A Report from the TDWI Solution Summit on Cloud BI in Scottsdale

We recently attended the TDWI Solution Summit on Cloud BI in Scottsdale, AZ.  A number of topics were covered, some of which may appear in future blogs but one of the more interesting panels focused on cloud BI myths.  Fern Halper from TDWI moderated the panel and raised two myths for discussion with a panel that included Suzann Hoffman from Tableau, Doug Schlemmer from Red Rock BI and Hannah Smalltree from Treasure Data.  The idea was to test each of these ideas against the experience of the panel and evaluate how much, if any, truth there was in the myth.

Myth #1.  The Cloud is not as secure as on-premise solutions.

Suzann argued that the sensitivity around Cloud based BI depends on the type of application.  She saw marketing and sales functions at the forefront of innovation with the finance and accounting function lagging behind in adoption.  Related to this point, she argued that governed data (e.g. compliance data, company financials etc.) often moves to the cloud last, partially due to the innate conservatism that companies have with regard to this type of data.

Doug pointed out that security is only as good as the policies behind it and not necessarily a feature of the on-premise and cloud channel.  He pointed out that for many companies, on-premise environments are not  secure and cited some examples we have all seen including:  open wi-fi, employees’ ability to access data on thumb drives, and the always surprising ‘server under the desk’.  In this sense, he argued the cloud often provides better security than on-premise solutions.

He went on to argue that the data represents the real security risk rather than the applications themselves.  So, he argued companies should focus on data in transit and data at rest as the key elements of their security efforts rather than focusing on the presentation layer, etc.  As a result, companies that want to manage sensitive data in the cloud should consider multi-tenant solutions for the presentation layer, but use a single tenant approach for the physical database itself.  This provides the best tradeoff between the cost benefits of multi-tenancy and the security of single-tenant solutions.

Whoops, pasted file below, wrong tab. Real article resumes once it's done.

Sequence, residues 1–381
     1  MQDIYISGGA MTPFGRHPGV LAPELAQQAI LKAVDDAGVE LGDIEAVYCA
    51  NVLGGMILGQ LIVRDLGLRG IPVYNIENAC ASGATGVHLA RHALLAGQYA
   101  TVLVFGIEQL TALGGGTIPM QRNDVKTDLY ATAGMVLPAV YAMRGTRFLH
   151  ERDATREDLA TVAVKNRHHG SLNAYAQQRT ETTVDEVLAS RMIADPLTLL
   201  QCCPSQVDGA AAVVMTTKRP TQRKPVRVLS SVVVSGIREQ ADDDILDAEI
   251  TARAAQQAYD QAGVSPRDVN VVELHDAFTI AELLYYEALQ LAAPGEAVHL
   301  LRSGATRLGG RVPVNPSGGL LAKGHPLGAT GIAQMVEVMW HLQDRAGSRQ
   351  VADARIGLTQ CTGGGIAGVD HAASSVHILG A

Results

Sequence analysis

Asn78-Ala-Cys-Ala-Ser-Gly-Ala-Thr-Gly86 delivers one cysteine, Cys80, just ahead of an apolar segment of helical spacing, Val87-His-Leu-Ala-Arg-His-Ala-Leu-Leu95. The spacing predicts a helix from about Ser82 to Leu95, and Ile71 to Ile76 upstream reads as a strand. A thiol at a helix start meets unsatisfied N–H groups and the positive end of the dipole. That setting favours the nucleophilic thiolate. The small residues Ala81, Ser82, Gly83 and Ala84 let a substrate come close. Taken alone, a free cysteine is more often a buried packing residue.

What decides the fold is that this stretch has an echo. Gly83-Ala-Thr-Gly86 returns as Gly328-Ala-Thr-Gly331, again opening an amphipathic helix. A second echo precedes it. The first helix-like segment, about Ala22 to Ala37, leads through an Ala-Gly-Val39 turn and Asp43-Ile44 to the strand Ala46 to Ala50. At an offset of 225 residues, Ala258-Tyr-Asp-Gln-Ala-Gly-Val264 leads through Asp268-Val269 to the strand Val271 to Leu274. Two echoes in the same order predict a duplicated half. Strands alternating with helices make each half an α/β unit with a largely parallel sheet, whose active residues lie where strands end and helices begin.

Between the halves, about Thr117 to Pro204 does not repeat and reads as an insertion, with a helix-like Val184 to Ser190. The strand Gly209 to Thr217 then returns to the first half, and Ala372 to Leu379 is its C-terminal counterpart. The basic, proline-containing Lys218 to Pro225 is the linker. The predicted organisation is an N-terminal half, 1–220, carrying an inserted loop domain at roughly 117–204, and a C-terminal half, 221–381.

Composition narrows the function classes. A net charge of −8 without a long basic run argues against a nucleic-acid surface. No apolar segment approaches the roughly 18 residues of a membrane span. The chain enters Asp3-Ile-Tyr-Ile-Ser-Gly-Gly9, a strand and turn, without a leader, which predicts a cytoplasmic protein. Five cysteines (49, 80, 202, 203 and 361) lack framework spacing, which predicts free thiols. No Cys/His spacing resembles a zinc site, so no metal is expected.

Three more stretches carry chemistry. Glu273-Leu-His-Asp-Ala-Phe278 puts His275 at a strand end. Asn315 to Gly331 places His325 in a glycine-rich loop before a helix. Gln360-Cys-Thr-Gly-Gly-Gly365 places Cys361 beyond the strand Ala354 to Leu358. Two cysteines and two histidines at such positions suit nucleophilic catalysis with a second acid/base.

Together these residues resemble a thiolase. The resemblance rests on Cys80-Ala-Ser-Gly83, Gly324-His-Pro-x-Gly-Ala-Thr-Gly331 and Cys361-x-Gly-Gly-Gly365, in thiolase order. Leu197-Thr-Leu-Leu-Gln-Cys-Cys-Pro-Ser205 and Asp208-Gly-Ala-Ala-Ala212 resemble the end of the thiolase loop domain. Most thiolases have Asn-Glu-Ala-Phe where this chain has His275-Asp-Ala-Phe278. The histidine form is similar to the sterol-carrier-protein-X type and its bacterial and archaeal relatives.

Hannah framed the issue a slightly different way, by asking the question, “Is your data center more secure than Amazon Web Services (AWS)?”  This argument resonated for me.  AWS has enormous scale and many, many customers.  They also have their own data security needs internally.  On the one hand, many companies that could use BI will likely never have the scale or resources to build an AWS-quality security framework.  The cloud could well be a better security option for these companies.  On the other hand, many have the resources, drive and expertise to develop security frameworks that work as well or better than AWS.  It feels like a case by case evaluation to me.  And so the debate will continue…

Myth #2.  It is more difficult to manage data in the cloud.

Fern highlighted the myth that companies find it harder to manage their data in the cloud for data transfer reasons.  In general, this felt like a more complex issue with a more nuanced set of answers vs. the security issue that sounded like a myth upon inspection.

The panelists raised several issues here.  Suzann discussed Tableau’s philosophy of limiting the number of times you need to poke a hole in the firewall.  Tableau attempts to limit the amount of data transferred back and forth to minimize the data transfer and latency issues.

Doug took a different point of view, arguing that the cloud now has very high data transfer rates.  Getting the data into the cloud does not need to take place via the internet.  For example, AWS offers physical options for data transfer.  In addition, with AWS Direct Connect, you can transfer data at up to 100 megabits per second.  So, usually he does not see latency inside the cloud.

Hannah made similar arguments, but highlighted the business need to align data transfer issues with the actual latency requirements.  If you need real time data, you will need to stream your data into the cloud.

One of the audience members challenged the panel based on the pricing model.  Transferring data into the cloud typically costs nothing (at least on AWS), but transferring data out can become very expensive.  As a result, managing data inside the cloud, the questioner argued, works better for applications where the company does not need to send data constantly between its on-premise and cloud environments.  This seemed to echo the comments from Suzann.

In general, the panelists seemed to agree that if the data already lives in the cloud, it makes it easier to manage BI in the cloud.  However, as Rikesh Bansal from Brocade pointed out in his presentation this morning, as more and more applications move to a SaaS format in the cloud, the need for companies to move data around the cloud and between the cloud and on-premises solutions will increase anyway.  Indeed, as more applications that companies use daily move into the cloud, it could become more difficult to manage that data via an on-premise approach.  In this sense, the myth, whether valid or not, will become increasingly irrelevant as a reason to stay out of the cloud and increasingly important as a general issue for companies to manage.